The general public sees a dog in a vest and the thought never crosses their mind about why the dog is wearing it. Up until recently, most people assumed that every vested dog was a guide dog, and that was that. It’s better now. A little better, anyway. People are a lot more educated about service animals, but the majority still can’t tell you the difference between a service dog, an emotional support animal (ESA), and a therapy dog.
These are misconceptions I’ve noticed while researching, or when talking to people about Winnie.
1. Service Dogs and ESAs Are Two Separate Things-
Emotional Support Animals have been in the media a lot lately, and as usual, it’s been making everything more confusing than less. Let me clear it up right now, there is no such thing as Service Peacocks. This is because Service Animals and Emotional Support Animals (ESA’s) are totally different things. Emotional support animals are for just that- emotional support. They help ease their owners’ anxieties and phobias, but they are not a psychiatric service animal. EAS’s are not covered by the Americans With Disabilities Act (the ADA), instead, they are covered by the FAA, if their owners are trying to bring them on planes, and the Fair Housing Act (FHA), if their owner needs to live in a place where pets are not allowed. Planes and Housing are the only places where ESA’s have rights, and to get these rights, the owner needs a letter from a doctor, and sometimes extra paperwork. *note* individual airlines are starting to crack down on ESA’s in planes, which should spark some interesting discussions.
2. Getting a Dog Doesn’t Work the Way You Might Think-
The media would have you believe that there’s only one way to get a service animal. You realize you need help, you get in touch with a charity that trains cute little puppies into perfect service dogs that are delivered right to your door for free. You bond with the dog immediately, and all of your problems are solved. This is so not how the process works. For one, service dogs are almost never free. The average cost of a dog is $20,000. And if you do find a charity that gives away dogs, their scope is very narrow. Combat Veterans. Blind People. Autistic Children (but never adults). And regardless, there are waitlists. A two-year waitlist to even be assigned a dog, plus two years of training, you might not see your service dog for years. Because of all these factors, people sometimes decide to train their own dogs.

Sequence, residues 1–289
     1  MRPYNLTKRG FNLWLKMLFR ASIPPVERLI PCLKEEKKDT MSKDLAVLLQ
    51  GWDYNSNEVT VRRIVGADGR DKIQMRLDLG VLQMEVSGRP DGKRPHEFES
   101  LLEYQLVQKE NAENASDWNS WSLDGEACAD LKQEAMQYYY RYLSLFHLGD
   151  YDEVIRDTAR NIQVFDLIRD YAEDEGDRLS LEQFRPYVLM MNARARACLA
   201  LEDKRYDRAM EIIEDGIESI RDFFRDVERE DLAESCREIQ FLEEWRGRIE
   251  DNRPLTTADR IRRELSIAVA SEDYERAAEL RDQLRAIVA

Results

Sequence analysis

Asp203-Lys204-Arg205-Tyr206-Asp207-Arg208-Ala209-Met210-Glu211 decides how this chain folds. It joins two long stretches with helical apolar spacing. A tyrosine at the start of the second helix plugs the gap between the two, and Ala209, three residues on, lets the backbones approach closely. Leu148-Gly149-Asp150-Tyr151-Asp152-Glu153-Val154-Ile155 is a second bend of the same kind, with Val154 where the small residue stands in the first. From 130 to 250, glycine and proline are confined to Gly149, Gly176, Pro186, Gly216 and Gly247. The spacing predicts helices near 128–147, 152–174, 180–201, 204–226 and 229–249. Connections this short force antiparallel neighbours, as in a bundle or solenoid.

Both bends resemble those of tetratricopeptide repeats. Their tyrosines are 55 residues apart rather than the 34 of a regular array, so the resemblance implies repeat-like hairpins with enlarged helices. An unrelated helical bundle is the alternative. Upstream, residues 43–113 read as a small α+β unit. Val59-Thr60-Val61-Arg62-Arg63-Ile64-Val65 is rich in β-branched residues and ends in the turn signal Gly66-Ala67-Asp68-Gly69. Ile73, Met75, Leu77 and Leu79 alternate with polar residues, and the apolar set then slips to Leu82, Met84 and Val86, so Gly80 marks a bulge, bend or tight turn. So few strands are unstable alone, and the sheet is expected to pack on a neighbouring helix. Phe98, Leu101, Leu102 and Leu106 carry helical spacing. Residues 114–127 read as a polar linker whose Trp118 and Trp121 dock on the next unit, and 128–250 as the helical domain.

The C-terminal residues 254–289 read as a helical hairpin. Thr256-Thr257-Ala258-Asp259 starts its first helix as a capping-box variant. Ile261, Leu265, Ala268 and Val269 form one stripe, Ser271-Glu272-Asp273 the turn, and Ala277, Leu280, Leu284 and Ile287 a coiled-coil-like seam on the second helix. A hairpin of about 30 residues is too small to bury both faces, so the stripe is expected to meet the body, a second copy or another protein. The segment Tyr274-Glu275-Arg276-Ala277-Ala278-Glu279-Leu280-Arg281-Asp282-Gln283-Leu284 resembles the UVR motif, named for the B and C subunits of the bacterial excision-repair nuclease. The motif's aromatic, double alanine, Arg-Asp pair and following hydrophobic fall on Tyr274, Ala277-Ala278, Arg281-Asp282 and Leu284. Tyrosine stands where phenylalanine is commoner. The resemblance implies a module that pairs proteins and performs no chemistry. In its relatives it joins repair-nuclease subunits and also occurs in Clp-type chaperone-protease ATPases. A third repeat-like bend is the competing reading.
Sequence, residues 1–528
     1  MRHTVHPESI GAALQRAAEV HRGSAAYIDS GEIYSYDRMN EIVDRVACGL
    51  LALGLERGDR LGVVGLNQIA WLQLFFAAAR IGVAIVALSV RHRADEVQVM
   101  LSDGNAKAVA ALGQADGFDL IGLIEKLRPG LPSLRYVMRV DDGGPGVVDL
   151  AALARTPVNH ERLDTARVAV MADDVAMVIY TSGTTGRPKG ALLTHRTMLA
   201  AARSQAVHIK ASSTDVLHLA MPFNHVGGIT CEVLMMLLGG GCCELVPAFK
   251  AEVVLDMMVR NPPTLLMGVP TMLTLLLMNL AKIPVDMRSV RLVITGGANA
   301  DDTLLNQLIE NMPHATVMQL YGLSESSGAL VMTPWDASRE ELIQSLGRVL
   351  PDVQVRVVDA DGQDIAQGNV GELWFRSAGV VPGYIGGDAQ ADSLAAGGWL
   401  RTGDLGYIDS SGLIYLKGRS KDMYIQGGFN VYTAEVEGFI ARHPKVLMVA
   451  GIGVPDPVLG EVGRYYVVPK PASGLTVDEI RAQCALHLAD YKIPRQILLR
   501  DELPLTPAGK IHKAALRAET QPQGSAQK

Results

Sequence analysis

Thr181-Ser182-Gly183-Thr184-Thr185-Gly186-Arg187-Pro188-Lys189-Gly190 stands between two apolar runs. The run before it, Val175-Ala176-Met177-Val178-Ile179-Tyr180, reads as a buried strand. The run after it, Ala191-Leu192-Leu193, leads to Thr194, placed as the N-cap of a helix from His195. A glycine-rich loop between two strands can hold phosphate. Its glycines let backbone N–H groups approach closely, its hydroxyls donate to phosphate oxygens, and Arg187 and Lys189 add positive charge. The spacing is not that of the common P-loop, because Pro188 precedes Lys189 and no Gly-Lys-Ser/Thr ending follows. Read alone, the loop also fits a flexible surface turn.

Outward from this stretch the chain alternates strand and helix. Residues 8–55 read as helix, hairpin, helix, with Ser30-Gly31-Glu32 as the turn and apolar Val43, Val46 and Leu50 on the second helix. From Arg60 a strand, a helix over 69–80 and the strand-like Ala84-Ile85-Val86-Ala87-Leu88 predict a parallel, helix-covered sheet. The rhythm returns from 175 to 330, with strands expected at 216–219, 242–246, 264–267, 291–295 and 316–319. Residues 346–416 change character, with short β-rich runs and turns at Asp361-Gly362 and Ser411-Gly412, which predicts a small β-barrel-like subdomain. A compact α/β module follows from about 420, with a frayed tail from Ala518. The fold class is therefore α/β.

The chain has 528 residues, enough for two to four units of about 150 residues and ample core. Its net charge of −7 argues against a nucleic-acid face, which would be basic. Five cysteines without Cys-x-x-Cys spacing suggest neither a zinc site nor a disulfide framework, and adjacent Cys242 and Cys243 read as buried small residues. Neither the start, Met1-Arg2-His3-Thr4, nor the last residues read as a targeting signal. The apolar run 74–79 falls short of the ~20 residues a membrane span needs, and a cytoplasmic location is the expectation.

3. Some People Train Their Own Dogs Instead of Going Through a Service-
The law says that people have the right to train their service animals. This is a huge decision. Training a service dog is a lot of work, and as someone with a disability, it’s even harder. Self-trained service dogs also wash out (which means fails as a service dog) at a much much higher rate. Self-training also doesn’t save money, which is an upsetting surprise for a lot of handlers. Dogs cost money. Food and toys and vet bills and training materials and specialized trainers and service vests. Self-training means you don’t need $20,000 right at the beginning, but over the course of the training, you’ll still be spending at least $20,000. Self-training is a decision that shouldn’t be taken lightly. I am self-training Winnie mostly because no programs who work with autistic people work with adults. I also have had dogs before, and I have Jess at home to help. I do think, after 3 months of puppy-hood, that if I get another dog when Winnie retires, I’ll be seriously considering a service.